In 2008, Linzey consulted with the Ecuadorian government when drafting its new constitution, the first in the world to ratify the Rights of Nature. In 2021, an Ecuadorian municipality appealed to constitutional protections to revoke mining permits it said violated nature’s rights in the endangered Los Cedros rainforest.
“The work has expanded to other countries, and in the United States to about more than three dozen municipalities at this point,” Linzey said.
Ecuador remains the only country in the world to have enshrined the rights of nature in its constitution. A similar proposal was considered in Chile last year, and the island nation of Aruba is currently considering its own amendment dealing with inherent rights in nature. Court decisions in countries like Bangladesh, Colombia and Uganda have successfully upheld the rights of nature. Local laws and treaties recognizing the rights of nature are emerging around the world, especially in the United States
Lance Foster, a member of the Iowa Tribe of Kansas and Nebraska and speaker at the top of the Mississippi River, said that a few years ago the success of nature rights in South America made his tribe think and others, why not us?
“And we wondered why didn’t the big rivers, like the Missouri River and the Mississippi River, get those rights?” said Foster.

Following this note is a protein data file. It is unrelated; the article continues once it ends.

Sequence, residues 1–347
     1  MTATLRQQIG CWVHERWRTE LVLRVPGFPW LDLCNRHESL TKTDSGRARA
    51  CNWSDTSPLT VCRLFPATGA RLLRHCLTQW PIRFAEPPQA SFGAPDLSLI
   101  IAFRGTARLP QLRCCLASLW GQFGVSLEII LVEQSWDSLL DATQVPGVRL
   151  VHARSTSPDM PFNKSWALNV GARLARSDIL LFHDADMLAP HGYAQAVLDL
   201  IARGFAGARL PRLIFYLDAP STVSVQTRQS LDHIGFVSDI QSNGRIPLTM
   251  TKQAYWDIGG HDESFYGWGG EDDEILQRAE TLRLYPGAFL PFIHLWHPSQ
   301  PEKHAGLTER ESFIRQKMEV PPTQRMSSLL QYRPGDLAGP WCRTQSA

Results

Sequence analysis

He said his tribe and others created an intertribal resolution for Missouri River rights. They hope to use it to combat industrial scale farming and deep mining operations.
“If Mississippi had those rights recognized … it might have standing to sue for an attorney on its behalf to help clean it up,” Foster said.
Two years ago in Minnesota, the White Earth Band of Ojibwe sued Enbridge Line 3 over in the name of wild rice, called Manoomin. And last month, the city of Seattle settled a case with the Sauk-Suiattle Indian Tribe. on the assertion that the salmon had the right to spawn, among other rights.
Because the Mississippi and Missouri rivers flow through so many states and tribal lands, experts said securing legal status for them in court would be extremely complicated.
But Foster said if companies get legal rights in the US, why not rivers? After all, they were here long before humans.
States such as Idaho, Florida and Ohio have decided to preemptively prohibit the possibility that nature or ecosystems can have legal status. Even so, Foster said the rights of nature were not as unthinkable as they once were. After all, children, women, blacks and indigenous people have been disenfranchised once too – which stops the river.
“It gives us a chance,” Foster said. “Now, are we going to take this chance as a society? I’m doubtful most of the time, but we have to keep trying, we have to keep going until the end. »
This story is a product of Mississippi River Basin Bureau of Agriculture and Wateran editorially independent reporting network based in University of Missouri School of Journalism in partnership with Report for America and the Society of Environmental Journalistsfunded by the Walton Family Foundation.